Sen. John McCain (R-Ariz.) is "prickly" with the press, particularly Time magazine, reporters for the publication insist on the heels of a recent interview. Yet reporters for the same publication had a decidedly less confrontational chat last week with Sen. Barack Obama (D-Ill.), although they did question if he was tough enough to topple McCain in November.
In the August 28 item, "McCain's Prickly TIME Interview," Time editors prefaced the transcript of James Carney and Michael Scherer's interview by lamenting McCain's less frequent engagement of the press as compared to his 2000 Republican primary run. They then insisted that McCain "quickly soured" and refused to "stray off message" during a Time interview:
McCain at first seemed happy enough to do the interview. But his mood quickly soured. The McCain on display in the 24-minute interview was prickly, at times abrasive, and determined not to stray off message.
By contrast, Time editors didn't add prefatory commentary to a relative soft August 20 interview, "Obama on His Veep Thinking" by Karen Tumulty and David von Drehle. That interview began with two questions on Obama's toughness, particularly from the perspective of nervous partisan Democrats:
TIME: Your speeches seem to be getting far tougher.
There are Democrats who are nervous that you are not tough enough for the general election.
Obama, the worry goes, is too much of a softy while McCain is too stubbornly sticking to his tough, well-crafted attack message, according to Time.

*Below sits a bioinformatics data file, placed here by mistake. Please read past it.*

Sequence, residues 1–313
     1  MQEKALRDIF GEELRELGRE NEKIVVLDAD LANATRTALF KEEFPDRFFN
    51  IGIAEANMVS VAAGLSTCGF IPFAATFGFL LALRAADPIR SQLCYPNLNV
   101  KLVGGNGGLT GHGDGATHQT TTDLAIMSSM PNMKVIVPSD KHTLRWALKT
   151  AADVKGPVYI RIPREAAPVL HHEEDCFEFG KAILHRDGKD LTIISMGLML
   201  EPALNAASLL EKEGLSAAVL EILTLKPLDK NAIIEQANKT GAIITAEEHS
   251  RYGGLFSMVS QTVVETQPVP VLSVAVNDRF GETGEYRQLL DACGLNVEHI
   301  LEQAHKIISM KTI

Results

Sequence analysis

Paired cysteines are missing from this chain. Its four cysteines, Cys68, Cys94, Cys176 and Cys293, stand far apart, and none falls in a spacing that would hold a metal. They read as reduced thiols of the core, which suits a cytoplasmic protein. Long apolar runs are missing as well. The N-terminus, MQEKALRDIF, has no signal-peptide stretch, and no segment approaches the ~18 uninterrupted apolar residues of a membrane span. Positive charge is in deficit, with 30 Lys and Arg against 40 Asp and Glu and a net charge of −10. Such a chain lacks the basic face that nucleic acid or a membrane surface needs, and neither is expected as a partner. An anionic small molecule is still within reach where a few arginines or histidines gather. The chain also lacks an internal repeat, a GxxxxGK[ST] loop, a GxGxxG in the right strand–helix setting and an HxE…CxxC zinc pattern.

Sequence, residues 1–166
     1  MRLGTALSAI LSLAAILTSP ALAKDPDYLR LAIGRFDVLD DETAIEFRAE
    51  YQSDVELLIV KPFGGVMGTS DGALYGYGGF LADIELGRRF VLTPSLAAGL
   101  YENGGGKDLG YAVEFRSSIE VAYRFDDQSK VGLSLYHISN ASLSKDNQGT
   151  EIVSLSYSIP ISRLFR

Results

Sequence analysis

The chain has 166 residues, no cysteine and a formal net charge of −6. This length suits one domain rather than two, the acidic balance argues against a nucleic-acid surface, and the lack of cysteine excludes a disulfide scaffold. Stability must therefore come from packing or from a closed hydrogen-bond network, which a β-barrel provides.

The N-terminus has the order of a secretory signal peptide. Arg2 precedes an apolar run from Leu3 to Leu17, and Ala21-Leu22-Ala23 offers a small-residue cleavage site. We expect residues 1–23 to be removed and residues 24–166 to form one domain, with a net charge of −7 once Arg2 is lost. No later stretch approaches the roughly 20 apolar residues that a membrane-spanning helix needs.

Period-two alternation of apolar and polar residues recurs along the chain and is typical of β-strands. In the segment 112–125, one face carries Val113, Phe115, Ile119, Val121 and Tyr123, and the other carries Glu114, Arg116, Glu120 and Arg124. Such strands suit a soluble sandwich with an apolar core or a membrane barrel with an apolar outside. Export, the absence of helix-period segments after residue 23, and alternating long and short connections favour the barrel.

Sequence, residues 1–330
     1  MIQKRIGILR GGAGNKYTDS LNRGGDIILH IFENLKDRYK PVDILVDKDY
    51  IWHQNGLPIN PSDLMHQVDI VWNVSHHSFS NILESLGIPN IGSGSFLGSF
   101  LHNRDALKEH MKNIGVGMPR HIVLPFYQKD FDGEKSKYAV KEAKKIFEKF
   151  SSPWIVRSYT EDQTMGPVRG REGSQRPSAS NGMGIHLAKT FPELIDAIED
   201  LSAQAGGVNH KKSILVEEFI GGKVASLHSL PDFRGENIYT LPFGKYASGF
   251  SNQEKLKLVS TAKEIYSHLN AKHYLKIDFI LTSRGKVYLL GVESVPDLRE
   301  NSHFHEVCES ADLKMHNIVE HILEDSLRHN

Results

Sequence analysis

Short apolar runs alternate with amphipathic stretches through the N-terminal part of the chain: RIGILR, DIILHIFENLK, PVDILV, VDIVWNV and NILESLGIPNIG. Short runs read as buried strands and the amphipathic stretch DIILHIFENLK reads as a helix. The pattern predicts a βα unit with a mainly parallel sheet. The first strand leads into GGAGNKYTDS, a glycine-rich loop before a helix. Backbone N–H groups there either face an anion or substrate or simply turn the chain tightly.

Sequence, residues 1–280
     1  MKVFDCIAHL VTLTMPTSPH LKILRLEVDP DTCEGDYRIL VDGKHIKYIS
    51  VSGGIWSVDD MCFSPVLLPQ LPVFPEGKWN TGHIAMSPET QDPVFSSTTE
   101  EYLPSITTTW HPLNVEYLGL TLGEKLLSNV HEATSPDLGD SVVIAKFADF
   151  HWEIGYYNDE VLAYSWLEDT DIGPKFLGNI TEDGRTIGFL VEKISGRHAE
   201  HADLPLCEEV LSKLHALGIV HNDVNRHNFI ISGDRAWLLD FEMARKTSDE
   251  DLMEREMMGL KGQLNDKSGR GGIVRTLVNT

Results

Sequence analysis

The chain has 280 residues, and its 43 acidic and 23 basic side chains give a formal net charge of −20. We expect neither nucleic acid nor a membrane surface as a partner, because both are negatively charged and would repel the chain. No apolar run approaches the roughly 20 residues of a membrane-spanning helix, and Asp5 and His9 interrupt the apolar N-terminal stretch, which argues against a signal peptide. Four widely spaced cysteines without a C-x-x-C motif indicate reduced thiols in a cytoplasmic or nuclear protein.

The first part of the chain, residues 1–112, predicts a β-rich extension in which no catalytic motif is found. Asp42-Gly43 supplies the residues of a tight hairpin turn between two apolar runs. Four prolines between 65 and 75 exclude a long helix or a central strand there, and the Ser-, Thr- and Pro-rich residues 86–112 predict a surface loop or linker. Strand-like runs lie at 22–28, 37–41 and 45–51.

In the August 28 Carney/Scherer, the reporters sought to soak McCain with a gotcha question on the definition of "honor" -- perhaps to hit him with a question on his "aggressive" Obama ads -- and then prodded him for one thing he'd take back or do differently so far in the 2008 campaign (Time's questions are in bold):
There's a theme that recurs in your books and your speeches, both about putting country first but also about honor. I wonder if you could define honor for us?
Read it in my books.
I've read your books.
No, I'm not going to define it.
But honor in politics?
I defined it in five books. Read my books.
[Your] campaign today is more disciplined, more traditional, more aggressive. From your point of view, why the change?
I will do as much as we possibly can do to provide as much access to the press as possible.
But beyond the press, sir, just in terms of ...
I think we're running a fine campaign, and this is where we are.
Do you miss the old way of doing it?
I don't know what you're talking about.
Really? Come on, Senator.
I'll provide as much access as possible ...
In 2000, after the primaries, you went back to South Carolina to talk about what you felt was a mistake you had made on the Confederate flag. Is there anything so far about this campaign that you wish you could take back or you might revisit when it's over?
By contrast, Tumulty and von Drehle had a far more pleasant chat with Obama, with most of the questions being softballs. The only query that hinted at Obama's liberal leanings suggested that Obama's read more liberal books than the average American, not that he believes more liberal ideas than most voters:
Do you agree that you were more exposed to left ideas than the average guy who ends up running for President? Hard to picture most of them reading Frantz Fanon or saying, "Stokely Carmichael is in town, I'm going to go hear him."